"There is no such thing as a miracle diet, but if there's a miracle meeting, this is it." That was how Fiona Godlee, editor-in-chief of The BMJ, introduced the "Food for Thought" conference. The event, co-sponsored by The BMJ and global reinsurer SwissRe, took place last week in Zurich, Switzerland.
The "miracle" Godlee referred to was that, for the first time, speakers with genuinely different viewpoints engaged in discussion on some of nutrition science’s most controversial issues, including the health claims made around saturated fats and low-carbohydrate diets.
"One big reversal [in our thinking] is the demonization of fat,” Godlee said in wrapping up. “I think we've got to recognize those reversals, acknowledge them, and have some humility about what is said....And I think that the humility must extend to guidelines." She called for science-based evidence that is "transparent, reproducible, and independent" to adequately address the global nutrition crisis. Watch her remarks here.
Godlee emphasized the importance of such a conference, given the tremendous urgency surrounding the continued, crisis-level epidemics of obesity and type 2 diabetes. She asserted that there are few areas of health "more important" and "more neglected in medical education" than nutrition. 1
Conference participants included some of the most influential architects of current nutrition policy—such as Walter Willett, Professor of Epidemiology and Nutrition at the Harvard T.H. Chan School of Public Health; Dariush Mozaffarian, Dean of the Friedman School of Nutrition Science and Policy at Tufts; Michael Lean, Chair of Human Nutrition at University of Glasgow; and Nita Farouhi, Professor of Population Health and Nutrition at University of Cambridge—as well as critics of that policy, including researcher Zoe Harcombe, author and journalist Gary Taubes, and executive director of The Nutrition Coalition (TNC) Nina Teicholz.
The panel on low-carbohydrate diets was especially lively, with different views expressed about the causes of and cures for obesity and type 2 diabetes. Most of the panelists believed that caloric excess caused these diseases and that any type of diet worked to reverse them, so long as it resulted in weight loss. Indeed, extreme caloric restriction has been demonstrated to reverse diabetes and was presented by study co-author and panelist member Roy Taylor from Newcastle University.
Sarah Hallberg, medical director of the obesity clinic at Indiana University Health and chair of TNC's scientific council, made the point that diabetes can be reversed in two additional ways: bariatric surgery and carbohydrate restriction. She presented data from her own large trial showing 60% reversal of diabetes after one year on a low-carbohydrate diet.
An emerging consensus was that diabetes could be considered reversible and not a progressive, lifelong chronic condition. As Godlee said in her closing comments, "I think there may be a tipping point that we're hearing about the reversal of some conditions, diabetes and obesity being two [of them]."
Another conference highlight was a series of discussions over whether evidence from nutritional epidemiology can reliably be used to inform nutrition policy. This topic is crucially important, as most of America's dietary guidelines are currently based on this type of evidence.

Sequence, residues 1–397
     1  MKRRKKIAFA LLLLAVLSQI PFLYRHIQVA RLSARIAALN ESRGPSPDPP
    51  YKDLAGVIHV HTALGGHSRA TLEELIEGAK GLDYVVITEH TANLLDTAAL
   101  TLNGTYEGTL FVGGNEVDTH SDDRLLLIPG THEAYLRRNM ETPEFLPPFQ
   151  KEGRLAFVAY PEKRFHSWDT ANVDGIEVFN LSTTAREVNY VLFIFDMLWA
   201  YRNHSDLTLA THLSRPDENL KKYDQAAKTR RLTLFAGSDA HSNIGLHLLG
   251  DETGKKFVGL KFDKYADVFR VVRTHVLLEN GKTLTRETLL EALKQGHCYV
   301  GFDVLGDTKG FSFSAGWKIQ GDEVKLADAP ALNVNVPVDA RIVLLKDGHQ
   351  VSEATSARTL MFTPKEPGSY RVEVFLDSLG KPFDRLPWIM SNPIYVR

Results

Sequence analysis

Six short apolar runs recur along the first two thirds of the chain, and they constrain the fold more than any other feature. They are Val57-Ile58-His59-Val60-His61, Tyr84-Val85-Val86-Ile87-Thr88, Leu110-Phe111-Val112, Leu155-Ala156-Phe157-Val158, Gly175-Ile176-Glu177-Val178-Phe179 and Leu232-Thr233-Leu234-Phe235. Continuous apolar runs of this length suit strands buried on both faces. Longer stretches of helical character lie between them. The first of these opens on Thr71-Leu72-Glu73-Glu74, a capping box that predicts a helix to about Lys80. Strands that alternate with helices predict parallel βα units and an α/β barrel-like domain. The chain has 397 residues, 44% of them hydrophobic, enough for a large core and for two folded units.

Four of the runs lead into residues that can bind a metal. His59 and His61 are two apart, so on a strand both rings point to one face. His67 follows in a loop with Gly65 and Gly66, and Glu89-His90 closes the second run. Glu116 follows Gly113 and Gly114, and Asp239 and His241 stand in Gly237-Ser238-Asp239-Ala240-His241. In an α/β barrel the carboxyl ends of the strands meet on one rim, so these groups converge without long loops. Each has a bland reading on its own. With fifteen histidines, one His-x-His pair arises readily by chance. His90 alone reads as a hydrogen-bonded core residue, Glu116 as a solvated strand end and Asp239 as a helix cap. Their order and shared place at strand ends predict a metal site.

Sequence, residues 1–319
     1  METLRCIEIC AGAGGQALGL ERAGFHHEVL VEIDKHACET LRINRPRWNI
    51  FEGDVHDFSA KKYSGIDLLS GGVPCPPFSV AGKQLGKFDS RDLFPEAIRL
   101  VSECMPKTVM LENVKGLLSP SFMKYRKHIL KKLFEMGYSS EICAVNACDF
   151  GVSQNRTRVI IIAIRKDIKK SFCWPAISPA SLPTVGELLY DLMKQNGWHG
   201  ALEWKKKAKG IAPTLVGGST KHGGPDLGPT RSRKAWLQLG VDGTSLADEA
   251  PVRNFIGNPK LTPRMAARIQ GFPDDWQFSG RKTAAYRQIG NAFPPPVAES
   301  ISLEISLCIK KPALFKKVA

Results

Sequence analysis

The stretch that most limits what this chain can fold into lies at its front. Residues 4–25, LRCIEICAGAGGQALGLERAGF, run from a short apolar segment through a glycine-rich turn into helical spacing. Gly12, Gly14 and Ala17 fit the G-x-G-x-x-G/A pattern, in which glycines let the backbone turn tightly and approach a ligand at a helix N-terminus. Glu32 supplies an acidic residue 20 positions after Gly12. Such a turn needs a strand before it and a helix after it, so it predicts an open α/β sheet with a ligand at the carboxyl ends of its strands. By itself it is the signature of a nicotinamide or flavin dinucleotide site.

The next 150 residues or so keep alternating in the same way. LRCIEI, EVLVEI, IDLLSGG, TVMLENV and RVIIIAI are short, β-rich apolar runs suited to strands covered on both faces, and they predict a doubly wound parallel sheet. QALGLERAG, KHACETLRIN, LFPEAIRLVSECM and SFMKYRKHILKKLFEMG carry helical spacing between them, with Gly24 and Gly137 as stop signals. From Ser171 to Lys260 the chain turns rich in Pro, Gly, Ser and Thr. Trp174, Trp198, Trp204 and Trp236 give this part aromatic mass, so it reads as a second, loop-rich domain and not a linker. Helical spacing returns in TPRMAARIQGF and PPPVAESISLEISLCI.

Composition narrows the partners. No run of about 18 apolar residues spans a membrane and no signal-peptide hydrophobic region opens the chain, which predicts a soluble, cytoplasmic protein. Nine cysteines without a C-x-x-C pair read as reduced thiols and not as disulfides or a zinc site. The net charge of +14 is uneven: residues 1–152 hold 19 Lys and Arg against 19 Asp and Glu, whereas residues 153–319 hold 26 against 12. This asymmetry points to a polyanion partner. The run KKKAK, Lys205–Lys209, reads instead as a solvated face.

Stanford University Professor John Ioannidis, a prominent critic of the field, gave an hour-long talk via video link that described the weak nature of epidemiological data, the high potential for confounding, and the stark record of nutritional epidemiological findings failing to be confirmed by clinical trials (a more rigorous kind of evidence).
Willett, who has directed the country's most prominent epidemiological study for most of his career, sat in the front row during the talk and contested several points. Mozaffarian, who has also has published many papers based on epidemiology, devoted his closing comments the next day to a 10-minute rebuttal of Ioannidis.
On a panel devoted to food politics and policy, Martin White from the University of Cambridge addressed the problem of the food industry's influence on nutrition science and policy, while Sonia Angell from New York City's Department of Public Health talked about her department's policies to reduce salt and trans fats.
TNC's Nina Teicholz spoke about the data suggesting that the American public had, actually, followed the country’s dietary guidelines over recent decades and that the failure of these guidelines to promote good health must spur questions about the soundness of their scientific basis.
Where strong evidence is lacking, it would be better for governments to "remain silent," Teicholz urged, a point echoed by Godlee in her closing remarks.
Other challenges to the guidelines came from Salim Yusuf, of McMaster's University, who presented a substantial body of evidence contrary to the "lower is better" recommendation on salt. Together with Mozaffarian during the final remarks, they also agreed that there was insufficient evidence to continue with caps on saturated fats. Godlee called this an "emerging consensus" and said,: “Maybe one outcome of this meeting would be for this meeting to say ‘that’s gone now’, the science [on saturated fats] has changed....t seems to be that should be an outcome of some sort from this meeting… [yet] there doesn’t seem to have been an enormous ‘mea culpa’ from the scientific community that we got it so wrong. That does surprise me.”
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[Updated July 13 with more complete quote from Fiona Godlee]